A Mexican Restaurant at Home

Tomorrow is release day for Case of the Curious Crystals. If you pre-ordered the e-book, it should hit your devices tonight. I don’t know how the time zone things work for when they decide it’s release day.

I have to say that writing a series in which most of the socializing takes place in a Mexican restaurant has been challenging during a time when eating in restaurants isn’t a great idea. I’ve ended up finding ways to improvise at home, though it still lacks that communal experience of gathering with friends and family. I think my last time in a Mexican restaurant may have been just before Thanksgiving last year with my parents. Then I was sick for most of December, busy working on books in January and February, and then the lockdown hit.

But in the meantime, I looked up recipes to make some of my favorites. When I didn’t want to go grocery shopping to buy ready-made chili con queso or the ingredients for the Velveeta and Ro-Tel dip that’s a standard at parties around here, I found a good recipe from the family that runs one of my neighborhood places. I’ve tinkered with it a bit and cut it down so that I don’t end up with a vat of cheese, and now it’s become a staple for me. It uses ingredients I usually have handy, and because it doesn’t use a can of anything, I can make it in smaller quantities. So, here’s my chili con queso for one recipe:

Start by heating half a tablespoon of oil in a heavy small pan over medium heat. Then saute 1/4 cup minced sweet onion and 1/4 cup finely minced jalapeño pepper (about one average pepper).

I should note here that I’m not a fan of really hot, spicy things (I buy mild salsa), and in spite of using a whole pepper, this isn’t all that spicy. Just make sure to remove the ribs and seeds, and I have to use gloves to cut up a pepper. If you want it hotter, use a hotter kind of pepper. If you want it milder, you can use diced canned green chilis, but you’ll put those in later.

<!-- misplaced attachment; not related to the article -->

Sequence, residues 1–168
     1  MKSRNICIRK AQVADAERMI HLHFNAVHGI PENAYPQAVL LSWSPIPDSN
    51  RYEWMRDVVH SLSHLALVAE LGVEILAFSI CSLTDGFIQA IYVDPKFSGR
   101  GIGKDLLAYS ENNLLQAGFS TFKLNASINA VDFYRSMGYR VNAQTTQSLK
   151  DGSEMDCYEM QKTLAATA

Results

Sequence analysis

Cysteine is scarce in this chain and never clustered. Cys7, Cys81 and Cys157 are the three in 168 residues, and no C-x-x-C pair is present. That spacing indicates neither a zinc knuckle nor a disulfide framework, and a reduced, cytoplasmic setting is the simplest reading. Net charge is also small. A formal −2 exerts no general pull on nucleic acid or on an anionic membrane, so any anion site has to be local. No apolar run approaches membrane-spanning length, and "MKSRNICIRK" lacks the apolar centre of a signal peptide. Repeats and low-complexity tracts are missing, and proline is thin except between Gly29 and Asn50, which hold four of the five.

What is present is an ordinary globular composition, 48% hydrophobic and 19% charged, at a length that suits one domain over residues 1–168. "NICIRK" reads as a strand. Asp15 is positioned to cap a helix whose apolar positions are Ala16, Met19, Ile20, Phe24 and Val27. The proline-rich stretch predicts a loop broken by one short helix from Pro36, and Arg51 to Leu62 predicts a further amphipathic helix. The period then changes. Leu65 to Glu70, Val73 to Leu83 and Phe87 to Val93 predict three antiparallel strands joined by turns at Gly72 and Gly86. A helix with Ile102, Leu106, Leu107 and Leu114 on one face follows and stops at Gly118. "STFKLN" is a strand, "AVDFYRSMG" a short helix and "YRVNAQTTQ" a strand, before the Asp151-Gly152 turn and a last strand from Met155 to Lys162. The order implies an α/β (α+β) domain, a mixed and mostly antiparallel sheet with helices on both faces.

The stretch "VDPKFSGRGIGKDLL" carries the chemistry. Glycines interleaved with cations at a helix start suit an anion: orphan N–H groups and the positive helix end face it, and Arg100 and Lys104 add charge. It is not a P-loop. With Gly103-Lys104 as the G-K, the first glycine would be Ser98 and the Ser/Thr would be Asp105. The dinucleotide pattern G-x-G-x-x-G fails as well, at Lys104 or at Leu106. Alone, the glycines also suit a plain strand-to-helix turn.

When the onion is translucent, add 1/2 teaspoon cumin, 1/2 teaspoon garlic powder, 1/4 teaspoon salt, and 1 tablespoon of corn starch. Cook, stirring, for about two minutes, until you can really smell the cumin. Then stir in 1/2 cup of chicken broth (if you want to make it vegetarian, you can probably use vegetable broth. I haven’t tried it that way, but you don’t really taste the broth, so it should work). I use the refrigerated bouillon concentrate so I don’t have to open a can just to get half a cup. Cook, stirring, about three minutes until it’s thick and bubbly. You may need to lower the heat a little.

Then add 4 slices of American cheese, chopped up. Yes, it needs to be American, those individually wrapped slices used in grilled cheese. You have to get over your cheese snobbery here. Anything else will give you a different texture. It will get stringy and oily. I once threw in just a little bit of chipotle cheddar, and it didn’t work. Also add 1/2 cup chopped tomato (I use 1 small Roma tomato). If you’re using the canned chilis, add them here (drain them first). Stir it all together until the cheese is melted into a smooth sauce. If it’s too thick, add a little more broth. If it’s too thin, add a little more cheese, but note that it will thicken up more as soon as you take it off the stove.

I try to keep it warm to eat by warming the ceramic bowl I serve it in by rinsing it out with hot water. If you’ve got a fondue pot, this would be a good time to use it to keep things warm, or maybe one of those tiny crock pots.

You can customize this by using different kinds of peppers, adding cooked ground meat, topping with sour cream or guacamole, etc.

I seldom get queso in restaurants because once I eat it, I’m not hungry for the meal. At home, I eat it as a meal. I’ll have a salad to go with it and mix in some carrot sticks in addition to the chips for dipping.

This recipe makes about two servings. I make sure to put a serving in a bowl so I don’t scarf down the whole thing at once (and then feel sick later). It reheats pretty well in the microwave if there’s any left over. I heat it with medium power instead of on high.

In my next newsletter, planned for Friday, I’ll share my recipe for cheese enchiladas.

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